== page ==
Further investigation might consider adaptively determining the parameters, such as the number of clusters or the distance function used in the k-means clustering method, to get better and more controllable segmentation. In addition, individual CT information, e.g. incited by [9], could provide a helpful source for clustering.

Acknowledgment

This work was supported by the BMBF grant no. 03FH038I3 (MOSES).

Author's Statement

    Conflict of interest: Authors state no conflict of interest. Material and Methods: Informed consent: Informed consent has been obtained from all individuals included in this study. Ethical approval: The research related to human use has been complied with all the relevant national regulations, institutional policies and in accordance the tenets of the Helsinki Declaration, and has been approved by the authors’ institutional review board or equivalent committee.

References

[1] Z. Zhao, et al., “The EIT-based global inhomogeneity index is highly correlated with regional lung opening in patients with acute respiratory distress syndrome,” BMC Res Notes, 2014, vol. 7, p. 82. Search in Google Scholar

[2] Z. Zhao, et al., “Regional airway obstruction in cystic fibrosis determined by electrical impedance tomography in comparison with high resolution CT,” Physiol Meas, Nov 2013, vol. 34, pp. N107-14. Search in Google Scholar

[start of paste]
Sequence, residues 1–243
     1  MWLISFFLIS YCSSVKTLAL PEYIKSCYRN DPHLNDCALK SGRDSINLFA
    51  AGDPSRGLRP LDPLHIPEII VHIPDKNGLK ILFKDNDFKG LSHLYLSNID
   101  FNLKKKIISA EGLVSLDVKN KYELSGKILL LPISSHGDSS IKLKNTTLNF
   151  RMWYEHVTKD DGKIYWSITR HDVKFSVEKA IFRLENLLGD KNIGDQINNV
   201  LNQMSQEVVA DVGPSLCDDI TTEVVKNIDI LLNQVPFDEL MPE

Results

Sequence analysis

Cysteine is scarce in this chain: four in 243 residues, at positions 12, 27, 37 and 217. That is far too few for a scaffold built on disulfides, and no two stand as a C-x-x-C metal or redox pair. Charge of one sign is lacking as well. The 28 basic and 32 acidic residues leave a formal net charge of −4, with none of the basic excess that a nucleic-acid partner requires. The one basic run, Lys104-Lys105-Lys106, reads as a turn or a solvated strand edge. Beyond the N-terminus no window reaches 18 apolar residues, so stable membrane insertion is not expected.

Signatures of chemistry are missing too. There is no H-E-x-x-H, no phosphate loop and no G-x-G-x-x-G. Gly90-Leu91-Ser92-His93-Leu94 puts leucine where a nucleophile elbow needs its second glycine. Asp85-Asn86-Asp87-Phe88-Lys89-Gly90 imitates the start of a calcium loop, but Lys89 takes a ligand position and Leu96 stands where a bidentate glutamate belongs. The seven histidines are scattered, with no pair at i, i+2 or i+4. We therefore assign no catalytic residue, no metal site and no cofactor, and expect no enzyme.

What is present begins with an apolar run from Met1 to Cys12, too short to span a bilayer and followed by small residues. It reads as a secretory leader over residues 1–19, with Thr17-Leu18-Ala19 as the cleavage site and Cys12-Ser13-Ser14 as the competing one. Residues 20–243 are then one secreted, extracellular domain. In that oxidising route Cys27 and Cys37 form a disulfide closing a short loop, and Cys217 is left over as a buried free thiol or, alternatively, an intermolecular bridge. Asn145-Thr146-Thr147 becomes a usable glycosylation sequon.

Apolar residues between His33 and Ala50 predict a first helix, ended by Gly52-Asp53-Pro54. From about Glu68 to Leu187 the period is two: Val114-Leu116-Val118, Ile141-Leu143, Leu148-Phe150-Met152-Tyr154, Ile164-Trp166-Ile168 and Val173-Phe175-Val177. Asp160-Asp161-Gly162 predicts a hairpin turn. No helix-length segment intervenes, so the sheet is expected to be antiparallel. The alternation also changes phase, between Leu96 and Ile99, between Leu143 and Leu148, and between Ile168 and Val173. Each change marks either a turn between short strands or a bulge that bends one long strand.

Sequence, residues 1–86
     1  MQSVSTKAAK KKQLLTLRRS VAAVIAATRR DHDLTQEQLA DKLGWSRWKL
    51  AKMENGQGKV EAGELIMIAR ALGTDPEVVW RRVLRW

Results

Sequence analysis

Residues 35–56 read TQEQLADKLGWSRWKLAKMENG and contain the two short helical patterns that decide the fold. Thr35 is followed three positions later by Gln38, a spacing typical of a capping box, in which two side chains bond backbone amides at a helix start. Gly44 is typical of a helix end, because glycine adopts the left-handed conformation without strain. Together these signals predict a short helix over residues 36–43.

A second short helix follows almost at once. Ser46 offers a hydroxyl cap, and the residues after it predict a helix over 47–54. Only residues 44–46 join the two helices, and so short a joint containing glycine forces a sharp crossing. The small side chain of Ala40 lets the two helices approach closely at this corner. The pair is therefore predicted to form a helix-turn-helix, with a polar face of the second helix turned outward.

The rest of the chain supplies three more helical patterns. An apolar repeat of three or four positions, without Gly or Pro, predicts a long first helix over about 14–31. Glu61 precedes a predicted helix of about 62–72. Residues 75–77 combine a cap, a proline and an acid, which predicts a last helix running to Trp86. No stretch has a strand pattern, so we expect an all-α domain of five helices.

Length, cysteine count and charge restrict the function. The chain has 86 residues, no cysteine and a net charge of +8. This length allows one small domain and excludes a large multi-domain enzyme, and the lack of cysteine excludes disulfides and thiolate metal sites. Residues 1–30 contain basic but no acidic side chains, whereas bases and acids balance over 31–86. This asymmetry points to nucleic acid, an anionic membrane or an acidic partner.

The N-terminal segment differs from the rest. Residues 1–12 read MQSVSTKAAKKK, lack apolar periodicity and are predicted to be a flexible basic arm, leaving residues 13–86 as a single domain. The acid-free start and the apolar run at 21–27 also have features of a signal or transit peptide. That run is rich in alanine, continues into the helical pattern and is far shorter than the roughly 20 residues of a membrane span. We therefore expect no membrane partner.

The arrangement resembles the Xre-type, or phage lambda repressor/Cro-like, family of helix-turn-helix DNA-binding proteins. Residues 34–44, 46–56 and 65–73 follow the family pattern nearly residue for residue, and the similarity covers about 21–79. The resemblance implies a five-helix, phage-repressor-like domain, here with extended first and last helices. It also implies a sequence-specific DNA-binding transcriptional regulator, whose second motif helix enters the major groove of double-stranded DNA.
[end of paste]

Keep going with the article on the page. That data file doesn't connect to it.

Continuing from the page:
[3] S. Leonhardt and B. Lachmann, “Electrical impedance tomography: the holy grail of ventilation and perfusion monitoring?,” Intensive Care Med, Dec 2012, vol. 38, pp. 1917-29. Search in Google Scholar

[4] D. S. Holder, “Electrical Impedance Tomography: Methods, History and Applications, Institute of Physics ” Institute of Physics Publishing, 2004, pp. 3-64. Search in Google Scholar

[5] K. D. Paulsen, et al., “A dual mesh scheme for finite element based reconstruction algorithms,” IEEE Trans Med Imaging, 1995, vol. 14, pp. 504-14. Search in Google Scholar

[6] N. Polydorides and W. R. B. Lionheart, “A Matlab toolkit for three-dimensional electrical impedance tomography: a contribution to the electrical impedance and diffuse optical reconstruction software project,” Measure. Sci. Tech., 2002, vol. 13 pp. 1871–1883. Search in Google Scholar

[7] W. R. Lionheart, ”EIT reconstruction algorithms: pitfalls, challenges and recent developments,” Physiol Meas, Feb 2004, vol. 25, pp. 125-42. Search in Google Scholar

[8] A. Adler and W. R. Lionheart, “Uses and abuses of EIDORS: an extensible software base for EIT,” Physiol Meas, May 2006, vol. 27, pp. S25-42. Search in Google Scholar

[9] Z. Zhao, et al., “Individual thorax geometry reduces position and size differences in reconstructed images of electrical impedance tomography,” J Xray Sci Technol, 2014, vol. 22, pp. 797-807. Search in Google Scholar

Published Online: 2015-9-12
Published in Print: 2015-9-1

© 2015 by Walter de Gruyter GmbH, Berlin/Boston

This article is distributed under the terms of the Creative Commons Attribution Non-Commercial License, which permits unrestricted non-commercial use, distribution, and reproduction in any medium, provided the original work is properly cited.